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27 – Sleep Paralysis – Why you remain paralyzed when waking up from sleep (part 1)

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In today’s lesson I will tell you about Sleep Paralysis, I will explain why it is scary to those who don’t know what it is, why it happens, and also why it can be very useful when you learn how to use it as you prefer.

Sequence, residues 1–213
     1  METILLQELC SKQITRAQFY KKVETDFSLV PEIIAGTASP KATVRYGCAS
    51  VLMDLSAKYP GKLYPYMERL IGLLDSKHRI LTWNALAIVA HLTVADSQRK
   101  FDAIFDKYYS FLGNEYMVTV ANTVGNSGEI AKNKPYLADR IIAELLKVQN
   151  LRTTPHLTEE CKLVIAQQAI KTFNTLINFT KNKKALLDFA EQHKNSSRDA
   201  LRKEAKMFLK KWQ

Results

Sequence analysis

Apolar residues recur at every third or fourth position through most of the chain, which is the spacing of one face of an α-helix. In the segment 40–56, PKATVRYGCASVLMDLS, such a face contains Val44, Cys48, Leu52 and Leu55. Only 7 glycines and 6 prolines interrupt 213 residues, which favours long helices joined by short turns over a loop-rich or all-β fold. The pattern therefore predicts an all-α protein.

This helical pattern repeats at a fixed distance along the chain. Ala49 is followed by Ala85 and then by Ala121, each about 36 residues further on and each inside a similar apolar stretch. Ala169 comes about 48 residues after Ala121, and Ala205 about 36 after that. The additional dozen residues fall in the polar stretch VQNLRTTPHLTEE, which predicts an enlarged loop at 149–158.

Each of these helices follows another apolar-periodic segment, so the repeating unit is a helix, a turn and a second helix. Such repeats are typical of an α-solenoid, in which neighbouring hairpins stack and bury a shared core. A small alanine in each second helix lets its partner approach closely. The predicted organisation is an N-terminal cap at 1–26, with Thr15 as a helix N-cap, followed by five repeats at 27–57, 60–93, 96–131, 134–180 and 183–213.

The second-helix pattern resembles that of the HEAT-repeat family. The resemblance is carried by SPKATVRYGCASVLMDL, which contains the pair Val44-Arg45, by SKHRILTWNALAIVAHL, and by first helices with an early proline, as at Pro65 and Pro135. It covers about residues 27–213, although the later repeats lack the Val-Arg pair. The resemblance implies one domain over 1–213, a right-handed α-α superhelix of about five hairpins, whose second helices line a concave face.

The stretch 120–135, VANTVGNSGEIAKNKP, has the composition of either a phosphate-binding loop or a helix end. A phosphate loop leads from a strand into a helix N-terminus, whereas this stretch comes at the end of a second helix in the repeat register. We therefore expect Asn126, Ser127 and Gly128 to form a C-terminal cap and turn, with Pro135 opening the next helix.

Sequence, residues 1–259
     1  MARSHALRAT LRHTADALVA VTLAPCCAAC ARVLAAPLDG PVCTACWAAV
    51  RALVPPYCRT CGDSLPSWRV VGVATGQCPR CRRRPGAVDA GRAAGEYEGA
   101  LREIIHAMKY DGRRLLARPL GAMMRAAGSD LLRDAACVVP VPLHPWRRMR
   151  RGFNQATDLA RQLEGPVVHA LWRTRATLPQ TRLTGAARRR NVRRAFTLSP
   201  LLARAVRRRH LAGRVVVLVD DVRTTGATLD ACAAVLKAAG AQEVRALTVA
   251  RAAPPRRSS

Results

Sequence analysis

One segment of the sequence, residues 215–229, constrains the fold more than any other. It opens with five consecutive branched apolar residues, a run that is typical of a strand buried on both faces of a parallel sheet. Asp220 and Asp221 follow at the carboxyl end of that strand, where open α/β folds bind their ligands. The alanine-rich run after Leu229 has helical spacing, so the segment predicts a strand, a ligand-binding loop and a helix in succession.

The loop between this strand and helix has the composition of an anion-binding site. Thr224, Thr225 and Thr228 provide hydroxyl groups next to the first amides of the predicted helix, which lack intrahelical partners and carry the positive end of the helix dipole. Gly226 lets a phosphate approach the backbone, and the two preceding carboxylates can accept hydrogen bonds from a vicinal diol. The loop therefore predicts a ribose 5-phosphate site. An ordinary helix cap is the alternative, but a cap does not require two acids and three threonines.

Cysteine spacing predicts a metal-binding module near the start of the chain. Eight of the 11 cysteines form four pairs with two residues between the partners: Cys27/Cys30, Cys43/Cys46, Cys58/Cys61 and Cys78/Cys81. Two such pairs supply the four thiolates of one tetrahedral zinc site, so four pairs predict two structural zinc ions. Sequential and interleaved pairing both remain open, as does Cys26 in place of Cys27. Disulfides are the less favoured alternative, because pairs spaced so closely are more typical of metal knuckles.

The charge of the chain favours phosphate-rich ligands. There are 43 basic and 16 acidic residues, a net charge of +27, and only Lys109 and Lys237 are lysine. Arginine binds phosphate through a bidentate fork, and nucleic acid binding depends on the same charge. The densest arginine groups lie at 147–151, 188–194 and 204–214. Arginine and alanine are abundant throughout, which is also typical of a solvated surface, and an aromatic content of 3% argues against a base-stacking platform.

First of all sleep paralysis is a body paralysis that happens naturally every time we fall asleep, in fact its name comes from the fact that it happens during sleep. It obviously doesn’t happen only at night but every single time you sleep, regardless of whether it be during the day or the night, the morning or the afternoon, the paralysis happens so that your body can stay still while you’re sleeping. In fact sleep paralysis is a natural mechanism, as it’s the total paralysis of the body which protects you from those movements you might make while sleeping. First of all paralysis keeps you from making sudden movements and hurting yourself while you’re sleeping, for example by hitting your head or falling off your bed. It also protects you from all those physical movements you might make while dreaming, so that, thanks to the paralysis, while you are dreaming of running you aren’t actually physically running but you’re still in your bed because the body is paralysed. As soon as your alarm goes off – or as soon as you spontaneously wake up – the body will “unlock” itself from the paralysis and you’ll be able to move freely, just like it happens every morning.